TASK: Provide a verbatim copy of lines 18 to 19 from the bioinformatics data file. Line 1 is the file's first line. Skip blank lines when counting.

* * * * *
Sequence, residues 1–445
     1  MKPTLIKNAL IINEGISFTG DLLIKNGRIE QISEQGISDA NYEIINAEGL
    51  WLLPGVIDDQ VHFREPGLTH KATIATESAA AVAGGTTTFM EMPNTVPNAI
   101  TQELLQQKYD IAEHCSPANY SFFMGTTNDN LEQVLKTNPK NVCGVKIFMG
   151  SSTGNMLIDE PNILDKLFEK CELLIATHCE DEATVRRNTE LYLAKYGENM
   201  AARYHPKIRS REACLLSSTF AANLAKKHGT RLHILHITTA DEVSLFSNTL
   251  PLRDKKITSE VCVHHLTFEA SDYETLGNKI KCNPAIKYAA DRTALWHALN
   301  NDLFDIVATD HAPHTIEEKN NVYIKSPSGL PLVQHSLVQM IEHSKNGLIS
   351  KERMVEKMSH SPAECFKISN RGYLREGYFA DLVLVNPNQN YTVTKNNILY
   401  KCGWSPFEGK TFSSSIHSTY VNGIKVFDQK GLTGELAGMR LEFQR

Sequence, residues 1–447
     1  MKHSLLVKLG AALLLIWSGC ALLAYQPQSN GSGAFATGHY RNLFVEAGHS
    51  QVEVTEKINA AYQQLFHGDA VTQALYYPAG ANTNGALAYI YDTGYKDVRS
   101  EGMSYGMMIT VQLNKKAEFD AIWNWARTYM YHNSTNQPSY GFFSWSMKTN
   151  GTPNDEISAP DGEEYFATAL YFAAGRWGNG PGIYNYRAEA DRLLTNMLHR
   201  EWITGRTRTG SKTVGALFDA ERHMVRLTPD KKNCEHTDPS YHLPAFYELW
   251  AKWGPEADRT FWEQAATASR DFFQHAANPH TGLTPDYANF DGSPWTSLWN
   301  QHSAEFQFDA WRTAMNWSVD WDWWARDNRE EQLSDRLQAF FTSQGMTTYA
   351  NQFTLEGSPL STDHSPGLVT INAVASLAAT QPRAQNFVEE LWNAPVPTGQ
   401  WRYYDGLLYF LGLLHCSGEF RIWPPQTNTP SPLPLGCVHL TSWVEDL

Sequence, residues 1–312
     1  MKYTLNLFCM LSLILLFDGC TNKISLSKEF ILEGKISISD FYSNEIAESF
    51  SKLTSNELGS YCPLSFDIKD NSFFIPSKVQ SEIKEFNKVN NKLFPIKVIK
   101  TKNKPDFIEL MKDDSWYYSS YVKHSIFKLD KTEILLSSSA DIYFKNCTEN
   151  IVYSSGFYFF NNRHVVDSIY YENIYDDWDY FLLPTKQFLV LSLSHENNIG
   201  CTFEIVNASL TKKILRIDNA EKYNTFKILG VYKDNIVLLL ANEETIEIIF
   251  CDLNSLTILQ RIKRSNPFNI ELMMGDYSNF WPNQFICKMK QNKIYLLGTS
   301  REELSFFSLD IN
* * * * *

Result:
   301  QHSAEFQFDA WRTAMNWSVD WDWWARDNRE EQLSDRLQAF FTSQGMTTYA
   351  NQFTLEGSPL STDHSPGLVT INAVASLAAT QPRAQNFVEE LWNAPVPTGQ